For mobile operating systems, too much Linux?

No, says panel; choice encourages innovation

As Linux-based operating systems continue to proliferate in the mobile communications marketplace, are there too many choices in open-source platforms?

The answer is no, according to the members of a panel discussion here Tuesday at the LinuxWorld Conference & Expo. Having a choice in mobile operating systems can encourage innovation.

"It is not the Wild West," said Bill Weinberg, an industry analyst who moderated the "Unifying Mobile Linux Platforms" panel. "We are not dealing with wholesale fragmentation. The marketplace is jelling."

Morgan Gillis, the executive director of the LiMo Foundation, said his group believes that unification is important. But having options is a hallmark of the open source movement.

In fact, he said, unification is already happening -- even though there are still more than a half dozen open-source mobile platforms today. As recently as two years ago, Gillis said, there were dozens of such platforms on the market, creating a "horrific landscape" for developers and manufacturers who had to figure out where to invest time and effort for continuing development.

Today, Gillis said, there are several large development platforms from which developers can choose. "I think unification ... is a very good thing and that it's happening," he said.

LiMo is a consortium that is platform agnostic, Gillis said, meaning that LiMo doesn't have a preference about what is running the mobile devices, from Trolltech Qt to Java to Android or anything else. "From our point of view, it doesn't matter," he said. "LiMo's role is to bring this all together ... so it can all happen efficiently."

"For us, this is not a numbers game," he said. "What we're trying to do is kickstart greater innovation. We're trying to embrace all companies."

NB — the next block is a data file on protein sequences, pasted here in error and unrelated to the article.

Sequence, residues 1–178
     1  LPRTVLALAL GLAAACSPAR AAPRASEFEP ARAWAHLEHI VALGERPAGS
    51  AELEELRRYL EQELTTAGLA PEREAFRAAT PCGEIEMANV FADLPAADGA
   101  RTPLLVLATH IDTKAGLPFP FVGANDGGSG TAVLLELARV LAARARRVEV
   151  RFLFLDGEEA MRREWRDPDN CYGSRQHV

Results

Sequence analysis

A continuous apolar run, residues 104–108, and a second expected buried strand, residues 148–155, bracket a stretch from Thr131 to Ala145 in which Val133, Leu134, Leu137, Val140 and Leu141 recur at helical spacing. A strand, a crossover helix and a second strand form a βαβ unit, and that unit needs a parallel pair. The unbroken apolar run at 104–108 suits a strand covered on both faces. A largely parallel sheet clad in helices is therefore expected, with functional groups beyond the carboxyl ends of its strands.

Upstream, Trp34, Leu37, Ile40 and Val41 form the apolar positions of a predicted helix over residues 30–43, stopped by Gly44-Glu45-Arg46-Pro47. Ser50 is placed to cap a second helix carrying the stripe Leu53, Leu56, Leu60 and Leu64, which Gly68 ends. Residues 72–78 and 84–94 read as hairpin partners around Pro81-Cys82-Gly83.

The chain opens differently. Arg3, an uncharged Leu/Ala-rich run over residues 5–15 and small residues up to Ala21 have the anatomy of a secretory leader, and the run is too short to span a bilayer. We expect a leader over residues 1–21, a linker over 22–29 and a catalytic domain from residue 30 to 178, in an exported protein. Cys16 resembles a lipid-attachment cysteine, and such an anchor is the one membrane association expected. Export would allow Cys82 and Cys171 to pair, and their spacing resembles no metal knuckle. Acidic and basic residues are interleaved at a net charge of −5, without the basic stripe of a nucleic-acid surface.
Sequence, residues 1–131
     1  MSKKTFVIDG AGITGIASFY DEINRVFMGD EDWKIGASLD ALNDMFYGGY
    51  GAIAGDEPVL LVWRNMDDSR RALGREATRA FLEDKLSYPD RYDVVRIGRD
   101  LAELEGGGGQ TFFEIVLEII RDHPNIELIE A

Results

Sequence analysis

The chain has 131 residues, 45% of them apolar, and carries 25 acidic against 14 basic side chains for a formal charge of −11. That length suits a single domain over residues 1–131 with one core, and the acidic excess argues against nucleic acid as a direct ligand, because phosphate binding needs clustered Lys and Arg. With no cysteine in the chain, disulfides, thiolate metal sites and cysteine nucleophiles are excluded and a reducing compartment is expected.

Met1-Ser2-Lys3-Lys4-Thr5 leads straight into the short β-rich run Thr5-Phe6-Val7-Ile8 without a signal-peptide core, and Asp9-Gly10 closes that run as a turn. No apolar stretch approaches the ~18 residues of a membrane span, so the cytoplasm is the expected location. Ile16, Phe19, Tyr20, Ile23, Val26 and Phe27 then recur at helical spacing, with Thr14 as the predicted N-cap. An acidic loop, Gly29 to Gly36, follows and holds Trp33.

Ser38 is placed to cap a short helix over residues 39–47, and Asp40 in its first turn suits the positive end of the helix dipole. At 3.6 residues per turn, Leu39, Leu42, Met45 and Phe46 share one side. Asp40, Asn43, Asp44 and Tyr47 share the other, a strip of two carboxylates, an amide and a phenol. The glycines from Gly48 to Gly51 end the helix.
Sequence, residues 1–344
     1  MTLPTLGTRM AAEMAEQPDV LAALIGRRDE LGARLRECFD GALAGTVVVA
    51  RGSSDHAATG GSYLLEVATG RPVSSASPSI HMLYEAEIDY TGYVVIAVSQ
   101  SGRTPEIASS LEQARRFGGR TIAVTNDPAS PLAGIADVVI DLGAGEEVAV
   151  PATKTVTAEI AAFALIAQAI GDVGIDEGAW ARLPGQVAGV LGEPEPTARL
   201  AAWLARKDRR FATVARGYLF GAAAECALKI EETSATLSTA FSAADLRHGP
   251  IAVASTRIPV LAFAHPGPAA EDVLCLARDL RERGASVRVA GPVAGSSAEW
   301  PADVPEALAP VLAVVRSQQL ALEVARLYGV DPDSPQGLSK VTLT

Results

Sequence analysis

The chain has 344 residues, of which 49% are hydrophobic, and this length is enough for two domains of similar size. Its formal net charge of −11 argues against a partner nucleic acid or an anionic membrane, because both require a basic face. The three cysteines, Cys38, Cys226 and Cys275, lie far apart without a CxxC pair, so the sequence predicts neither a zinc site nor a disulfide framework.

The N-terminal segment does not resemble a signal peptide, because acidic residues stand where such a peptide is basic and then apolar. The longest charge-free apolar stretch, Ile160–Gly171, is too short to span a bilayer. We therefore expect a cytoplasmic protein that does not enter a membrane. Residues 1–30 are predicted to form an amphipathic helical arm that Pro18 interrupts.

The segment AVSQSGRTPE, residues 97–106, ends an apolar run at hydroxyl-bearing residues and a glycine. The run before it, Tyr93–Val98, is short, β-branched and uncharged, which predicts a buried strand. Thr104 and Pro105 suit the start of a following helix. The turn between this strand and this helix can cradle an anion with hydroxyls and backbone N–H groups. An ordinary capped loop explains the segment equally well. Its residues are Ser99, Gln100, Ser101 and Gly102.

Another panelist, Eric Chu, group marketing manager for Google's Android mobile platform, said that unification just for the sake of unifying isn't an answer, but could be useful if the resulting mobile platforms are more efficient and better for users. A key, he said, is to provide a "complete platform" that is open for developers to improve on and add features and other critical pieces needed by mobile users.

One benefit of unification, said panelist Sy Choudhury, a staff product manager with handset chipmaking vendor Qualcomm, is that standardized platforms can be a magnet for developers to bring in new ideas, rather than having to decide what platforms on which to concentrate their efforts.

"To have some level of coalescence is truly needed," Choudhury said.

The panel was part of a first-ever Linux Mobile Conference being held here at LinuxWorld.

Disclosure: The conference is run by this publication's parent company IDG

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Todd R. Weiss

Computerworld
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